Said he:“There’s a lot we must learn from experiences of others through South-South Cooperation. China’s, India’s and Latin America’s successful experiences, especially in agriculture offer much scope for lessons and sharing of innovations and experiences with Africa. I am very pleased that the African Development Bank is co-hosting this session with FAO, UNECA and Morocco. And the focus is on food security and the SDGs.

“And there’s so much to learn within Africa from what’s working as well. The success of Morocco on its fertilizer sector, with the rapid growth of the OCP, its fertilizer company, into a global company is already helping African agriculture.

“The experience of Nigeria in using the electronic wallet system to deliver farm inputs to millions of farmers is already being replicated in Togo, Liberia, Benin and as far as Afghanistan.

“Similarly, the agricultural risk sharing system that’s been so successful in getting Banks to lend to agriculture in Nigeria is being scaled up to several countries, including Ghana, Togo, Liberia, Kenya.

“And successful lessons from Ethiopia’s agriculture are helping to inform other countries on building effective extension systems.”

He went on to state that the African Development Bank was investing $25 billion in agriculture over ten years. He explained that some of this work already showed significant impacts and offers useful lessons for South-South and global cooperation.

For instance, the Bank launched the Technologies for African Agricultural Transformation (TAAT) to help take technologies to scale for millions of farmers. The initiative brings together the Consultative Group on International Agricultural Research, national agricultural research centers, and private sector companies, on a strategic technology delivery platform.

He gave a convincing instance that in 2018, TAAT maize compact, working with 30 private sector companies, delivered climate-smart maize varieties to 2.6 million farmers, who planted them on over 1 million hectares.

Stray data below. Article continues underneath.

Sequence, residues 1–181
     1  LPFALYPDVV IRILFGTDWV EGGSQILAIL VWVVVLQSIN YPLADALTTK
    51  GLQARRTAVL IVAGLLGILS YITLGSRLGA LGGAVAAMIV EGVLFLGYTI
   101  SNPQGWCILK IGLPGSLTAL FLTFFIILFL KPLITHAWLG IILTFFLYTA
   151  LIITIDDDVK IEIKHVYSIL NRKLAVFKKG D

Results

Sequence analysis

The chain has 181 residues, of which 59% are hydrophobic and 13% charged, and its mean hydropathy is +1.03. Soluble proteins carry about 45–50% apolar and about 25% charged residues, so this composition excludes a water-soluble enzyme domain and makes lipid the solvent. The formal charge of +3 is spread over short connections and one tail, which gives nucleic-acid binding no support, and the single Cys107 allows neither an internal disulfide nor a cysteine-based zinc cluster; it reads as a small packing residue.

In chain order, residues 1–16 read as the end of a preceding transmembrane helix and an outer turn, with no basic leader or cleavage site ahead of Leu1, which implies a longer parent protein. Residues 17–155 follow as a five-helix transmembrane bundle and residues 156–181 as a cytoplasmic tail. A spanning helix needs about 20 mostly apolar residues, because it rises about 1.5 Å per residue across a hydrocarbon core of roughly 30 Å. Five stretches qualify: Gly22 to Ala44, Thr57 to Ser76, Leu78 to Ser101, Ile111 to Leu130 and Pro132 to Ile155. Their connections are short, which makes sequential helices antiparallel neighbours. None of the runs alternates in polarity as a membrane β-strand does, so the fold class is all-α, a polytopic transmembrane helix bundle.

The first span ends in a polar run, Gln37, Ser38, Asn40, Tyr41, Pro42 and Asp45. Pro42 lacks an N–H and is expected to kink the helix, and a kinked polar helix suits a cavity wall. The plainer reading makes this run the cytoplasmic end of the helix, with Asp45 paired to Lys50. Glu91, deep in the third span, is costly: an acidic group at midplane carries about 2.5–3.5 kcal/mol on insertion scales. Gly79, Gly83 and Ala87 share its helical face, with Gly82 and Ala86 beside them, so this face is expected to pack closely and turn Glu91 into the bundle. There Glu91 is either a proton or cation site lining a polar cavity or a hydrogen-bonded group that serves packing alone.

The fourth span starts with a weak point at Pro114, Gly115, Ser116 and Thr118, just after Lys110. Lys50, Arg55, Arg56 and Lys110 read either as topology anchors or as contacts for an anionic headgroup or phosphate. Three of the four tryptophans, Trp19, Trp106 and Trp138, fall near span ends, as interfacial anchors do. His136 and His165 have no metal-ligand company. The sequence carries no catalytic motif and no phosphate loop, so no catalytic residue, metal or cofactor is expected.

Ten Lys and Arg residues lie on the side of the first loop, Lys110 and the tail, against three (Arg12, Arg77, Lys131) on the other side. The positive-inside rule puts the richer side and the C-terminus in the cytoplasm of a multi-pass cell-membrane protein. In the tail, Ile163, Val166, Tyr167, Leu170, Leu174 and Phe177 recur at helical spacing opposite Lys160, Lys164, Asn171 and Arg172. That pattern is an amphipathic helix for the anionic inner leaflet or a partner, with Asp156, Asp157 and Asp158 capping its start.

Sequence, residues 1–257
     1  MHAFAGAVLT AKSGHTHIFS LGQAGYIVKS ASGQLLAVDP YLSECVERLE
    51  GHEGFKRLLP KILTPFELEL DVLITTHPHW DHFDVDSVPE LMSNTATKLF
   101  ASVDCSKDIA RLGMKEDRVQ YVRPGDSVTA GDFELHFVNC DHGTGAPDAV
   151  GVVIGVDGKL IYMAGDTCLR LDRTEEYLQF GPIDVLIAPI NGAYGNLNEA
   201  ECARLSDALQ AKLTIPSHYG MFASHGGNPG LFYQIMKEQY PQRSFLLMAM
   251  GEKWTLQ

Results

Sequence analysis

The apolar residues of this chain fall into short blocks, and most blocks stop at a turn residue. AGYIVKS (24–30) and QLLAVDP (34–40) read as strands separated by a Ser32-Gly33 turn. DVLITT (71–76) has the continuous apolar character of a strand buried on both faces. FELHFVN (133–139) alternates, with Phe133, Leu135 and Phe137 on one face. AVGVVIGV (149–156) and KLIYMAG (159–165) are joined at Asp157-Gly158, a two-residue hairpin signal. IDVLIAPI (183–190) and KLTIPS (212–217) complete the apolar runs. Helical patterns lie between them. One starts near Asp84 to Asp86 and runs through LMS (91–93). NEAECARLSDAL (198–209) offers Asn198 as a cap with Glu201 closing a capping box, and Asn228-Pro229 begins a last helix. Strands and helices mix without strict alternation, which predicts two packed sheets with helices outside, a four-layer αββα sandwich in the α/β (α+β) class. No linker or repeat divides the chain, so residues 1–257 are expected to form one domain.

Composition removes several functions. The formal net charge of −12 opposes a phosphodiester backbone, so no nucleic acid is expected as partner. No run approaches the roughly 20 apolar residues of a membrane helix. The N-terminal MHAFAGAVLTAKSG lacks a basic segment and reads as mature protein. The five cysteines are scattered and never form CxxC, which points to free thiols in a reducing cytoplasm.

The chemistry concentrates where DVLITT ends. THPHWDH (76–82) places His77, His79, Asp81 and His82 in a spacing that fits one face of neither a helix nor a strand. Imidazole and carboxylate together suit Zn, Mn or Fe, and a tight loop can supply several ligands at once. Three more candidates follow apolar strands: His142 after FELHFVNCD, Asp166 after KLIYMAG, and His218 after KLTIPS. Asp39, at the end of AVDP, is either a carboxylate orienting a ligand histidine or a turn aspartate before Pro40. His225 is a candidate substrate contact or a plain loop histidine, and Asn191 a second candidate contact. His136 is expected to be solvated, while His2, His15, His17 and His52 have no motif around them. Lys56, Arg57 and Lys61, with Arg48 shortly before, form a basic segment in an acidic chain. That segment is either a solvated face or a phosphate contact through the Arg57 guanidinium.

Similarly, through the South-South Cooperation Trust Fund, hosted at the Bank and funded by Brazil, AfDB was financing efforts to transform 16 million hectares of savanna land of Africa into a breadbasket for producing maize, soybean and livestock.

The Bank, in partnership with the Rockefeller Foundation, launched the Leadership for Agriculture platform to link ministers or agriculture and finance to develop investment incentives to drive agriculture.

The Bank has launched the Special Agro-industrial processing zones to also invest in infrastructure in rural areas. The aim is to enable food and agricultural companies to locate there, driving the development of national, regional and global agricultural value chains. Together with the FAO, UNIDO, IFAD, World Bank and the African Union the Bank plans to significantly drive the SAPZs in several countries.

Finally, the Bank has developed strategic partnership to address the rising problem of malnutrition and stunting on the continent, which affects over 41 million children. Together with AlikoDangote Foundation, Bill and Melinda Gates Foundation, Big Win Philanthropy and the African Union, and the Global Panel on Agriculture and Food Systems for Nutrition, the Bank launched the African Leaders for Nutrition which is harnessing political will to end stunting in Africa. Through the joint Africa Nutrition Index with the African Union, countries are being ranked based on the effectiveness of their policy actions to tackle nutrition.

South-South Cooperation and other strategic partnerships offer excellent opportunities to exchange ideas, foster innovationand transfer knowledge of what’s working and structure joint efforts to scale up successful interventions.

The bitter truth however, is to ensure that the challenges of insecurity, lack of access to fertile farmlands, needed funds and the development of technological know-how to boost food production are dealt with by the combined efforts of members of the African Union.